A century of wind power: why did it take so long to develop to utility scale?

by Mercedes Galíndez, University of Cambridge

This blog is based on research funded by a bursary from the Economic History Society. More information here

Marcellus Jacobs on a 2.5kW machine in the 1940s. Available at <http://www.jacobswind.net/history&gt;

Seventeen years passed between Edison patenting his revolutionary incandescent light bulb in 1880, and Poul la Cour’s first test of a wind turbine for generating electricity. Yet it would be another hundred years before wind power would become an established industry in the 2000s. How can we explain the delay in harvesting the cheapest source of electricity generation?

In the early twentieth century wind power emerged to fill the gaps of nascent electricity grids. This technology was first adopted in rural areas. The incentive was purely economic: the need for decentralised access to electricity. In this early stage there were no concerns about the environmental implications of wind power.

The Jacobs Wind Electricity Company delivered 30,000 three-blade wind turbines in the US  between 1927 and 1957.[1] The basic mechanics of these units did not differ too much from their modern counterparts. Once the standard electrical grid reached rural areas, however, the business case for wind power weakened. Soon it became more economic to buy electricity from centralised utilities, which benefited from significant economics of scale.

It was not until the late 1970s that wind power became a potential substitute for electricity generated by fossil fuels or hydropower. Academic literature agrees on two main triggers for this change: the oil crises in the 1970s, and the politicisation of Climate Change. When the price of oil quadrupled in 1973, rising to nearly US $12 per barrel, industrialised countries’ dependency on foreign producers of oil was exposed. The reaction was to find new domestic sources of energy. Considerable  effort was devoted to nuclear power, but technologies like wind power were also revived.

In the late 1980s Climate Change became more politicised, and interest in wind energy as a technology that could mitigate environmental damage, was renewed.  California’s governor, Jerry Brown, was aligned with these ideals and in 1978, in a move ahead of its time, he provided extra tax incentives to renewable energy producers in his tate.[2] This soon created a ‘California Wind Rush’ which saw both local and European turbine manufacturers burst onto the market, with $1 billion US dollars being  invested in the region of Altamont Pass between 1981 and 1986.[3]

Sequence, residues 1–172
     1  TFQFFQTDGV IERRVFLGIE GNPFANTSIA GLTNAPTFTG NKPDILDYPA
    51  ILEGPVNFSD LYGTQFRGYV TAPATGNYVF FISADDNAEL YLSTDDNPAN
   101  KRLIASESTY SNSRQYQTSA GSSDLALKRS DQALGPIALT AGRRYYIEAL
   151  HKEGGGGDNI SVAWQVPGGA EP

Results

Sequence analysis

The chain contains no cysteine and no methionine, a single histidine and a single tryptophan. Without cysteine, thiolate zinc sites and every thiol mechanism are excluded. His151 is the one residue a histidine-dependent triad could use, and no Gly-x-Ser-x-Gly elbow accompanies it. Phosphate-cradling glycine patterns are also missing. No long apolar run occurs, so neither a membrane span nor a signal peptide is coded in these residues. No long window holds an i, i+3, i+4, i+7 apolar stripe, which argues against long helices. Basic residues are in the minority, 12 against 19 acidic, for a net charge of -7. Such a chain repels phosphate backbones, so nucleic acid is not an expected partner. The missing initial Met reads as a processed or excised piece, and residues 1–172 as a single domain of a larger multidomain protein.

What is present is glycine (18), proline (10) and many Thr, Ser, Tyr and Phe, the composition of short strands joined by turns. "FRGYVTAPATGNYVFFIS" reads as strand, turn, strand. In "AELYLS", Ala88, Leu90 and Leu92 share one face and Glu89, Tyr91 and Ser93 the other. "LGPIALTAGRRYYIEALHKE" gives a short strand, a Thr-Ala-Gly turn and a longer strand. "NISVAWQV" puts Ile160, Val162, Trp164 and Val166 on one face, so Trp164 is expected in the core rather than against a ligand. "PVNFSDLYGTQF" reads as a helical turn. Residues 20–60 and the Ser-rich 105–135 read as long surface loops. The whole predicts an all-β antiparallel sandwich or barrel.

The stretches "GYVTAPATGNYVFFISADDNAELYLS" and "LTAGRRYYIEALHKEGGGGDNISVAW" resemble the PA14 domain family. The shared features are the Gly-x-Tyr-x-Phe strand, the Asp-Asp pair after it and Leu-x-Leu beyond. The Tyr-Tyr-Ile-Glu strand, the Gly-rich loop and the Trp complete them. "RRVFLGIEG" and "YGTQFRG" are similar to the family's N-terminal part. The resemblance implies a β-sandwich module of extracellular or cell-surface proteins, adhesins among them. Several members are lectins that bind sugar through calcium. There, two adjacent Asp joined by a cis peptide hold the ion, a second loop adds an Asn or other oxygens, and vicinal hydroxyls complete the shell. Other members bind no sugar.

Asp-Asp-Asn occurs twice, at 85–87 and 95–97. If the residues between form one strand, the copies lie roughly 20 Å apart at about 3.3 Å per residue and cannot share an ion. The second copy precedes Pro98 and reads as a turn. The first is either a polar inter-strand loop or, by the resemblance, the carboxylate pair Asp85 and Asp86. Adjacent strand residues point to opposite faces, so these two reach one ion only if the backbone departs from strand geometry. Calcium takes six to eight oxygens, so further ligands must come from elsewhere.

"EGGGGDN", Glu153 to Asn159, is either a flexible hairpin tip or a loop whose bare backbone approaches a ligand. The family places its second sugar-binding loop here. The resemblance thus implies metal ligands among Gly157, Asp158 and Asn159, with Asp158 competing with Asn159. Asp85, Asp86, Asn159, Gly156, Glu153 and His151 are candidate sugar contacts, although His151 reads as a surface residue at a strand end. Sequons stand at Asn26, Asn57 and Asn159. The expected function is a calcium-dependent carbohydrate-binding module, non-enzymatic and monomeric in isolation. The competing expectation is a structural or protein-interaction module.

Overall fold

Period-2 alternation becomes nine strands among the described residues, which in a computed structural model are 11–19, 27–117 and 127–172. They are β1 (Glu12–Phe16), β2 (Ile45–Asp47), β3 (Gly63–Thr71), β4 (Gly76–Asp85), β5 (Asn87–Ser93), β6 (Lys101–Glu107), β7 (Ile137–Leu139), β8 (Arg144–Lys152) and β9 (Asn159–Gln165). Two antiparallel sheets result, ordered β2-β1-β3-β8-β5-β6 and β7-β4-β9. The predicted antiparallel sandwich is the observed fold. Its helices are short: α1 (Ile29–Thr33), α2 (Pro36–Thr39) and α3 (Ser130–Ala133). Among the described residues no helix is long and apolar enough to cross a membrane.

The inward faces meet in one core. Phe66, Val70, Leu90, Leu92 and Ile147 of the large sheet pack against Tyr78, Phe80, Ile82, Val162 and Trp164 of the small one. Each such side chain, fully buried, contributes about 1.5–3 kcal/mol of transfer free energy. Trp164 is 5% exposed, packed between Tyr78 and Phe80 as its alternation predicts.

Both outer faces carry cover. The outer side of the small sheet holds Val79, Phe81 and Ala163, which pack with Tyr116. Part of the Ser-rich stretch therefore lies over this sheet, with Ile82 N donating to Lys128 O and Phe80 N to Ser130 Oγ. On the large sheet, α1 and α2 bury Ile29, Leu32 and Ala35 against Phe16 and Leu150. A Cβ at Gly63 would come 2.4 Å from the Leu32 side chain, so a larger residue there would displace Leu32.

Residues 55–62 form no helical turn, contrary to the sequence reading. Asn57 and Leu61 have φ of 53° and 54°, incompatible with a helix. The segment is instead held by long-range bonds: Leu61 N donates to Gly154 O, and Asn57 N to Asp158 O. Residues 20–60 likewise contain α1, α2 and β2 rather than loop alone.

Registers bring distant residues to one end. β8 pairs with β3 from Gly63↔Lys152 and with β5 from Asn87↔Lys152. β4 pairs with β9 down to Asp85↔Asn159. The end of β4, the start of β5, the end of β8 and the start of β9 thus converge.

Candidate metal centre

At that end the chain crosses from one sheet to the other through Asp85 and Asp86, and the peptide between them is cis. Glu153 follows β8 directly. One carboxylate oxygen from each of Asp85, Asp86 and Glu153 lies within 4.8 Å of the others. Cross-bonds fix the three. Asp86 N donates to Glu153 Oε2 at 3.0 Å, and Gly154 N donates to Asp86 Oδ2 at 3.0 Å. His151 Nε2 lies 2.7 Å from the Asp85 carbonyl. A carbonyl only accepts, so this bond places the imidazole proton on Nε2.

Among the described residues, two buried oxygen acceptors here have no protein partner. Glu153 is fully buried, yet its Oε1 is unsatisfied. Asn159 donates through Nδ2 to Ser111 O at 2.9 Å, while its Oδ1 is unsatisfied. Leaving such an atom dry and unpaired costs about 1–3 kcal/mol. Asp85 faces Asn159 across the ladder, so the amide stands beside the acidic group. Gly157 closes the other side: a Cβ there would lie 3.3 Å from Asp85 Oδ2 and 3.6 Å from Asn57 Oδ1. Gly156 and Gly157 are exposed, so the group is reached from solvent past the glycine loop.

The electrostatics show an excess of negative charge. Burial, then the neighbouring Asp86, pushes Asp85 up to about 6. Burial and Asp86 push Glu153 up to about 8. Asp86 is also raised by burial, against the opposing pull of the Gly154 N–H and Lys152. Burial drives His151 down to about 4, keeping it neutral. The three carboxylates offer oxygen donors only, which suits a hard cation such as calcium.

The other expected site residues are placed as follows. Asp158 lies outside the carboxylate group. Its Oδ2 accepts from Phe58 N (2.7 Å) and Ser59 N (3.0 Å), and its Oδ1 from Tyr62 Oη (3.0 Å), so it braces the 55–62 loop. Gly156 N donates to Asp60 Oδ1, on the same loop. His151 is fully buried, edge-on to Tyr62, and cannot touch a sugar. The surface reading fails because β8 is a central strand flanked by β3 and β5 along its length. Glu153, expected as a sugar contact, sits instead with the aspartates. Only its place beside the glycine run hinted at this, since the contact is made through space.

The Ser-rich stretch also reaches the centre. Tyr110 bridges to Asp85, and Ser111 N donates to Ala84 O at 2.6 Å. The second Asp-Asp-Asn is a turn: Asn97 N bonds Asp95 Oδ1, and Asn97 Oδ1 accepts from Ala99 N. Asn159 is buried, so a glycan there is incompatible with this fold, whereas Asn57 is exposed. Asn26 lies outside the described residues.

The California Wind Rush ended suddenly when central government support was withdrawn.   However, the European Union (EU) accepted the challenge to maintain the industry. In 2001, the EU introduced Directive 2001/77/EC for the promotion of renewable energy sources. This Directive required Member States to set renewable energy targets.[4] Many directives followed which triggered renewable energy programmes throughout the EU. Following the first directive in 2001, the installed capacity of wind power in the EU increased thirteen-fold, from 13GW to 169GW in 2017.

Whilst there is no doubt that the EU regulatory framework played a key role in the development of wind power, other factors were also at play. Nicolas Rochon, a green investment manager, published a memoir in 2020 in which he argued that clean energy development was also enabled by a change in the investment community. As interest rates decreased during the first two decades of the twenty-first century, investment managers revised downwards their expectations on future returns – which fostered more attention to clean energy assets offering lower profitability. Growing competition in the sector reduced the price of electricity obtained from renewable energy. [5]

My research aims to understand the macroeconomic conditions that enabled wind power to develop to national scale. In particular, how wind power developers accessed capital, and how bankers and investors took a leap of faith to invest in the technology. My research will utilise  oral history interviews with subjects like Nicolas Rochon, who made  financial decisions on wind power projects.

To contact the author:

Mercedes Galíndez (mg570@cam.ac.uk)


[1] Righter, Robert, Wind Energy in America: A History, Norman, University of Oklahoma Press, 1996, page 93

[2] Madrigal, Alexis. Powering the Dream: The History and Promise of Green Technology. Cambridge, MA: Da Capo Press, 2011, pages 239-239

[3] Jones, Geoffrey. Profits and Sustainability. A History of Green Entrepreneurship. Oxford: Oxford University Press, 2017, page 330

[4] EU Directive 2001/77/EC

[5] Rochon, Nicolas, Ma transition énergétique 2005 – 2020, Les Papiers Verts, Paris, 2020